REEP supports increases in the excise tax as a health promotion tool in South Africa
On 14 November 2019 REEP made a submission to the Standing Committee on Finance regarding tobacco excise taxes and illicit trade in South Africa. See the letter here. The background to this submission was that the tobacco industry has been lobbying government to freeze the nominal excise tax on tobacco products, in light of the very high prevalence of illicit cigarettes. We argued that the illicit trade problem is the result of poor enforcement, rather than by increases in the excise tax.
The Committee recently published its report, in which they state the following:
“The Committee received a number of submissions from the tobacco industry calling for a freeze in excise duty increase for the next three years. It was variously submitted that an increase in excise duty leads to an increase in price for consumers of legal tobacco products, driving these consumers to cheaper illegal products and leading to an increase in the availability of illicit products. This, it was submitted, will have a deleterious effect on the legal tobacco industry and affect small and emerging farmers and jobs, as consumers shift to illicit products. This also led to revenue losses of as much as R9 billion per annum as illicit tobacco traders do not pay taxes, it was said. Many submissions were also made during the Medium Term Budget Policy Statement hearings from various tobacco industry organisations/associations.
The Committee agrees with National Treasury and SARS [South African Revenue Service] that the increase in illicit products is as a result of weak law enforcement and tax administration challenges at SARS. The Committee invited SARS and National Treasury on 19 November 2019 to brief it on illicit tobacco trade and enforcement measures given the easy availability of illicit tobacco in the market. The Committee will focus more on monitoring law enforcement measures on illicit tobacco trade and on SARS capacity in this regard.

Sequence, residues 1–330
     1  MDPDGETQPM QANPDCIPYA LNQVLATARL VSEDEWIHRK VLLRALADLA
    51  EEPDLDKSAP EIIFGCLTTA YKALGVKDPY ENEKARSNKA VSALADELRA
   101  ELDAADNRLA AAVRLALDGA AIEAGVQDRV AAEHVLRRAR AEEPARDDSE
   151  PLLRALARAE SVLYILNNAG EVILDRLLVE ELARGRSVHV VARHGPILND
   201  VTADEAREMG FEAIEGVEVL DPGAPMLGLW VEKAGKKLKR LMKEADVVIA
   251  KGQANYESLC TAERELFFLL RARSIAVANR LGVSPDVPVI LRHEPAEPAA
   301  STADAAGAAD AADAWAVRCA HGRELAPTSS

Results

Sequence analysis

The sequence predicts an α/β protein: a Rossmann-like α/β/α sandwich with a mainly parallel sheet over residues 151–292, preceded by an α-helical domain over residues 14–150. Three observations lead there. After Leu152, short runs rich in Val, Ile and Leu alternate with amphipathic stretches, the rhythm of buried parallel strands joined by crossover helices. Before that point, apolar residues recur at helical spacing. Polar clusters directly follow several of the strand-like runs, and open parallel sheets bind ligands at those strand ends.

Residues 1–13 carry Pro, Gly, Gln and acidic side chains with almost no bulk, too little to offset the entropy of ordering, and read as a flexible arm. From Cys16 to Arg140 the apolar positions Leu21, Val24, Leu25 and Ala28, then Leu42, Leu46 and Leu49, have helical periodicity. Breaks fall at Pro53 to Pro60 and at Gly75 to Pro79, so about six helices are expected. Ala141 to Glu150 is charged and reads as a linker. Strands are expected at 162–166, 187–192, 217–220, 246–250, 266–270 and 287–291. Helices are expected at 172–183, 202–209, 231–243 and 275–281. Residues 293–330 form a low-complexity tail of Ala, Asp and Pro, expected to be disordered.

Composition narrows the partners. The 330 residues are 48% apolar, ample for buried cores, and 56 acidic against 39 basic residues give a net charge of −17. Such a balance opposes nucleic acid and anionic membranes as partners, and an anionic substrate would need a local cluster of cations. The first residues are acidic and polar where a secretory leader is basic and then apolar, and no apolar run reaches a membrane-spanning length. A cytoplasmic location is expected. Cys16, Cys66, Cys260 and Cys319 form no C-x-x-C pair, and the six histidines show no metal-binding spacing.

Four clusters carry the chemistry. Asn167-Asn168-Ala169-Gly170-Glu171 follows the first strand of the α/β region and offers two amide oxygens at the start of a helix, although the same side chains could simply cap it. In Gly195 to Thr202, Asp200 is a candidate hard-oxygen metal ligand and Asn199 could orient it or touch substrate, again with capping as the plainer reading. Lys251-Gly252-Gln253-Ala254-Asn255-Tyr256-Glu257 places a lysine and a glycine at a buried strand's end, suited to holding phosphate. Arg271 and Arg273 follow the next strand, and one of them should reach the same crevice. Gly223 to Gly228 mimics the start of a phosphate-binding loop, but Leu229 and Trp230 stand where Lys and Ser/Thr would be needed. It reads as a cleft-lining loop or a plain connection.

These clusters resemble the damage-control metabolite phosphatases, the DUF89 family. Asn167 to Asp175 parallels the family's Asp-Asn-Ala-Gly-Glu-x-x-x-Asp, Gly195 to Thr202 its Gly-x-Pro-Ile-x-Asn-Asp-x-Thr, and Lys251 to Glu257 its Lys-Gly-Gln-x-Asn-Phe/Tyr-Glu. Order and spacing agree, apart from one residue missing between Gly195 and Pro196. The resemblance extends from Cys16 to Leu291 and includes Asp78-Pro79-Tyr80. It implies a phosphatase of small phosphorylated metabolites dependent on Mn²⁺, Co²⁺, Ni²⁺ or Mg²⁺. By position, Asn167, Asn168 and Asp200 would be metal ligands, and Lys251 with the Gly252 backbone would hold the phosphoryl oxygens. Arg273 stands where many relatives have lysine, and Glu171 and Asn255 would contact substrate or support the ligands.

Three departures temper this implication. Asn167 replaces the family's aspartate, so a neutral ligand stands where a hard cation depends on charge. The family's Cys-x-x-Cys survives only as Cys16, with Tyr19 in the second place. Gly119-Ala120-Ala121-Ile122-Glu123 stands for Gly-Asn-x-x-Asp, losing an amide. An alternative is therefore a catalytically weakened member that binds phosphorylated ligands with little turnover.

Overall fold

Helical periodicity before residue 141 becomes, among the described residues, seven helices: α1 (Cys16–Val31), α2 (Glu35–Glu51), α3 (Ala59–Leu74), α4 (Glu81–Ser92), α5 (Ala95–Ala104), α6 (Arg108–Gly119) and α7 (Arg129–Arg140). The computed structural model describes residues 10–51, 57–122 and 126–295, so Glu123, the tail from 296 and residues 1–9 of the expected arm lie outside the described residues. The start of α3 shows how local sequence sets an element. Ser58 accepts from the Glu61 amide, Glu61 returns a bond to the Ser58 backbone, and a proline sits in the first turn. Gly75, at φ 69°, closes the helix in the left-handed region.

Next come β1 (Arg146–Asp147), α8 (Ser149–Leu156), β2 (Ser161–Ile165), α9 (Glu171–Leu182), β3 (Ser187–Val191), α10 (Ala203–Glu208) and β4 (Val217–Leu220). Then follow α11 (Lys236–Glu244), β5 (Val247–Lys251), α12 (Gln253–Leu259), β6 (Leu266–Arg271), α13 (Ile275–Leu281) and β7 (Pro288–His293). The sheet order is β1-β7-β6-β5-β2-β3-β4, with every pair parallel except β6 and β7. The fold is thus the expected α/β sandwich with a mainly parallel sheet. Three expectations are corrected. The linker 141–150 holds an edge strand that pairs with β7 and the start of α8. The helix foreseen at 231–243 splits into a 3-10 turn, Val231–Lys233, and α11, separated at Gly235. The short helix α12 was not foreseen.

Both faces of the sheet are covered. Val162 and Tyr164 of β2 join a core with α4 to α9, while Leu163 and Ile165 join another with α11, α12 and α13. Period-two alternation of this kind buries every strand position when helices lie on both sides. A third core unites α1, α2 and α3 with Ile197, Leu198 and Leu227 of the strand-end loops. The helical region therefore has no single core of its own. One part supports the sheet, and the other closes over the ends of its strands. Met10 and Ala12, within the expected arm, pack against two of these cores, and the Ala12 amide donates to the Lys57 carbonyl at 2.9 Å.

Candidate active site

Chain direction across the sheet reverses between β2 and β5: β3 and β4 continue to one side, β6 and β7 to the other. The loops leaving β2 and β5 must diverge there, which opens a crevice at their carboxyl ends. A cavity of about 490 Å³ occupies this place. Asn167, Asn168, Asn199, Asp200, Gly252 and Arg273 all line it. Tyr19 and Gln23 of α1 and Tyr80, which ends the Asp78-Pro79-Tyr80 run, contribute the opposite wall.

The Committee calls upon government to expedite its work on taxing other tobacco products such as electronic cigarettes and tobacco heating products. The main issue with tobacco excise is not only revenue, but also health promotion.”
Policy change can seldom be attributed to a single intervention, and in that respect, we will always be modest in making claims as to the impact of our work. However, it is nice to see that government policy is in line with our proposals. Given that both National Treasury and SARS respect the work of REEP, it seems likely that our intervention would have influenced their submission to the Committee. This announcement by the Standing Committee on Finance is a significant win for public health, and we are proud to have contributed.